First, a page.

Stephen Paddock: Why?

“Lone Wolf, Anti-Social, God Complex”

Paddock, who killed 58 and wounded nearly 500 in Vegas last weekend, apparently left no clear indication of the reason for his rampage.

The FBI and others are investigating every aspect of his life and so far no motive has emerged.

Perhaps one never will.

According to the Bureau of Justice Statistics, 80% of homicide victims know their killers and 16% of them are related.

Paddock was already outside the “norm” as a mass killer and is even more so because his victims were total strangers.

Since he had no stated reason his personality becomes an area of interest and here there are some facts.

Most articles about him consistently refer not only to his aversion to people generally, but that he would go out of his way to avoid contact, literally putting up a mesh fence around his home, even avoiding eye contact with neighbors.

If you are avoiding people you are obviously not making or affirming basic human connections or bonds.

Paddock lived a lifestyle that was effectively itinerant. Despite his wealth, he stayed rather than lived in multiple homes, moving frequently.  One person said the interior of his home looked like a “frat house.”

That suggests that he had no need for a comforting sanctuary or retreat, a way that many people envision where they live.

In fact, Paddock was just as happy living in a hotel, sometimes for long periods, the textbook example of itinerancy.

One casino manager said that Paddock had a “god complex” meaning that Paddock wanted to be noticed and treated as a special person to be catered to, when he wanted.

The Times says that, “Gambling made him feel important, if not social.”

If you are assiduously avoiding human contact yet you want to be given special treatment in some situations you have created an expectation that is hard to meet and rife for conflict and anger.

For someone to meet your special needs they must be vigilant of your presence, the very thing you seek to avoid.

Did he choose the casino environment because he could be anonymous yet expect special and attentive treatment?

The human act of engaging with others, including strangers, in a friendly manner, causes us to be open, flexible and compassionate.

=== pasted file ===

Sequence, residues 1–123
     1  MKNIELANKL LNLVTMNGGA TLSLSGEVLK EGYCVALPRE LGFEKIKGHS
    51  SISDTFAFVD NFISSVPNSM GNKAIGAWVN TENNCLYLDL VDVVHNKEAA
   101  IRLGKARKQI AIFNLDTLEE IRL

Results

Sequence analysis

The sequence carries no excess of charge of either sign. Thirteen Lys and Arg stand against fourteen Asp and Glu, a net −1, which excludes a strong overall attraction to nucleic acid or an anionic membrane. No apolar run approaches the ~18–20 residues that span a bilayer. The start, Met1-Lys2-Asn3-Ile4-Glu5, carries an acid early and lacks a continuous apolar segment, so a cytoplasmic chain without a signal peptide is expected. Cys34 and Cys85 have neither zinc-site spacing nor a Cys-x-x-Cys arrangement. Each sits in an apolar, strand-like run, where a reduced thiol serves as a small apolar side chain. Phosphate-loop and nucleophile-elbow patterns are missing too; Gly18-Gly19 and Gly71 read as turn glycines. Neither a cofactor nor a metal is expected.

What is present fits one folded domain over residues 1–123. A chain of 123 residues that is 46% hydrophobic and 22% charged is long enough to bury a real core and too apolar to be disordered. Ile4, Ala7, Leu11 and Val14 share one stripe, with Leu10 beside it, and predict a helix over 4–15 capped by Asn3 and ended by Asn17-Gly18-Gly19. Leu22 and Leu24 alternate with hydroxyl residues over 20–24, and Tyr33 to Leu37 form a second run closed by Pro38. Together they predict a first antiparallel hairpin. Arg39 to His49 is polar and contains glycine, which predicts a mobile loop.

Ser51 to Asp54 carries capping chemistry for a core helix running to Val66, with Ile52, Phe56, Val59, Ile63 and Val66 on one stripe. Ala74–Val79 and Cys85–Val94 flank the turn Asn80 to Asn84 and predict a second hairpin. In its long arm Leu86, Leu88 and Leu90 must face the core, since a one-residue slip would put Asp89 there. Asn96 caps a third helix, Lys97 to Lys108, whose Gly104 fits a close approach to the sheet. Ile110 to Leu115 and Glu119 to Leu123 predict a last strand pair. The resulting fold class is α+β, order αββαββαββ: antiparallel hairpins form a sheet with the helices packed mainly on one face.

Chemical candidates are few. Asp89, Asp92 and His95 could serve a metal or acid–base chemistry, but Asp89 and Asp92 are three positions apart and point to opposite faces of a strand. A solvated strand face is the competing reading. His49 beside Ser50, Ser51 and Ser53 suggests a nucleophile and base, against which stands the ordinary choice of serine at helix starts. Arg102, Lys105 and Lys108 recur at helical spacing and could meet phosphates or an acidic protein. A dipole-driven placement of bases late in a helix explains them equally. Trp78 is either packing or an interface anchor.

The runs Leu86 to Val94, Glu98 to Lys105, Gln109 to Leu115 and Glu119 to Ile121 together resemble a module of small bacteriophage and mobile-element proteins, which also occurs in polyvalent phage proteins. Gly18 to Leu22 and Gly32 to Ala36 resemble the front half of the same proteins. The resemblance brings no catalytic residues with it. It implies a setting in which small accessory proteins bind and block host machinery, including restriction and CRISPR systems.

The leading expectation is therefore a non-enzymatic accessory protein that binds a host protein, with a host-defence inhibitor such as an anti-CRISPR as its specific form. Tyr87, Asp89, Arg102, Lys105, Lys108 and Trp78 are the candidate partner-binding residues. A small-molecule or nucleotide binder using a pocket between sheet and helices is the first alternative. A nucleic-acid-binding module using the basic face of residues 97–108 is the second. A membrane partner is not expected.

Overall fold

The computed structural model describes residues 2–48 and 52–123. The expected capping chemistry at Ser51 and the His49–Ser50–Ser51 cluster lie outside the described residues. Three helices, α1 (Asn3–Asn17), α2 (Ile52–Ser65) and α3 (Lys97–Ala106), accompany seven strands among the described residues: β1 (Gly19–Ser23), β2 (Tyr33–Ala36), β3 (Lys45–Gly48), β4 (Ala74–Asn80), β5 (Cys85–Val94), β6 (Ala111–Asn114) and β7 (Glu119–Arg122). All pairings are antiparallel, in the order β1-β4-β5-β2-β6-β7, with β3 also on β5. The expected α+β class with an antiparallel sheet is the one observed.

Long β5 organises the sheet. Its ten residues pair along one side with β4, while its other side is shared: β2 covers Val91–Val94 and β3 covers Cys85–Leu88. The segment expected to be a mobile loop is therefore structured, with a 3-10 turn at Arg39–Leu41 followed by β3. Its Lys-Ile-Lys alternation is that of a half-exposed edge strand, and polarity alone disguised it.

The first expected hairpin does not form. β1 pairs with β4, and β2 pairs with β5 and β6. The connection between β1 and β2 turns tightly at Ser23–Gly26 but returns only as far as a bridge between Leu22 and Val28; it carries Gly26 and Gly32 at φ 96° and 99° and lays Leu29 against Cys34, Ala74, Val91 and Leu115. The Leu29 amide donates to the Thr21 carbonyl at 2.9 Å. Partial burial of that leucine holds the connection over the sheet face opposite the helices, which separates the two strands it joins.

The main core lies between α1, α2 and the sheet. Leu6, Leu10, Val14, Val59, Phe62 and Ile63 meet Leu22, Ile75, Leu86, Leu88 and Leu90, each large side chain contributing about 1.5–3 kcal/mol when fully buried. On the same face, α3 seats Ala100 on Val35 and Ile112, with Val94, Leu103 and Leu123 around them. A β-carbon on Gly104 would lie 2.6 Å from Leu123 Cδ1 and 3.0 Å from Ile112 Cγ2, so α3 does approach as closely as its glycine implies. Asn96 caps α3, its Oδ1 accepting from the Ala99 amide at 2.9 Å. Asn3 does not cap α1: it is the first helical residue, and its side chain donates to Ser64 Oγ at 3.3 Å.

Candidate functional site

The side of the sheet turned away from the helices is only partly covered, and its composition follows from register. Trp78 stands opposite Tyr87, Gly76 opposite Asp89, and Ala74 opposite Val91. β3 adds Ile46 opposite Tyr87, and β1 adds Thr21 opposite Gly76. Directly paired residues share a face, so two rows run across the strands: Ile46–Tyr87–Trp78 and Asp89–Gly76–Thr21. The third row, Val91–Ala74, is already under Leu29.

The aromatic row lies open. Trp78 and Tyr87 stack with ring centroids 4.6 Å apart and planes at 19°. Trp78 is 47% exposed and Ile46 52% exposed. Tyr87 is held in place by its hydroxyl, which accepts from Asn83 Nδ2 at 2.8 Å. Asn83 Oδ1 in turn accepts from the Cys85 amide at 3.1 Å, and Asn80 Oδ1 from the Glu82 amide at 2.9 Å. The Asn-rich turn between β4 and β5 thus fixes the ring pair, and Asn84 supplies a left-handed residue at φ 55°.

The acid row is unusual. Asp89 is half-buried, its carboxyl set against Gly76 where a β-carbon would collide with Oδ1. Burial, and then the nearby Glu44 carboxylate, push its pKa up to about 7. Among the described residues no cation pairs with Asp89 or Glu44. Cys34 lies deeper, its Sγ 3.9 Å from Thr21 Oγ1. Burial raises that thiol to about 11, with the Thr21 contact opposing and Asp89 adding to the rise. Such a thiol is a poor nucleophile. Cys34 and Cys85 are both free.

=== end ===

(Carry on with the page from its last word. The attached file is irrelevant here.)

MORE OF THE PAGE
If you purposely, even obsessively avoid contact, you are withdrawing, becoming more fragile, even decaying, at least where empathy may be concerned.

Paddock gives the impression of someone who saw most people as strangers, was content that they remain so, and the odd exception was treated as someone who was there to serve him.

He was, in short, a recipe for trouble, if not disaster.

Add one final ingredient: guns.

He amassed 47 and purchased 33 in the last year alone, as well as a cache of ammo and the tools to modify the weapons to be automatic.

It takes concentration to construct a life where you move among people and yet they are effectively invisible and Paddock applied that same concentration to planning his attack, carefully working out the venue, timing and  equipment for maximum effect.

In a note of irony, Paddock killed humans as he lived among them– they were strangers in the distance, whose faces and hearts he could neither see nor feel.

 

 

4 Comments

  • Betty K says:

    I feel helpless. Our lawmakers will not respond with common sense laws. BK

  • Joe blow says:

    Right on target and beautifully written Eric.
    I grew Up and live in an ‘old’ neighborhood. Nosey neighbors and multi generacional friends sure can be annoying. Bit they excert subtile pressure on us to ‘keep in line’ a bit.
    This guy Lived Thousands of miles from family with no community involvement.
    A great book was written some years ago on the subject: Bowling Alone:the death of community.

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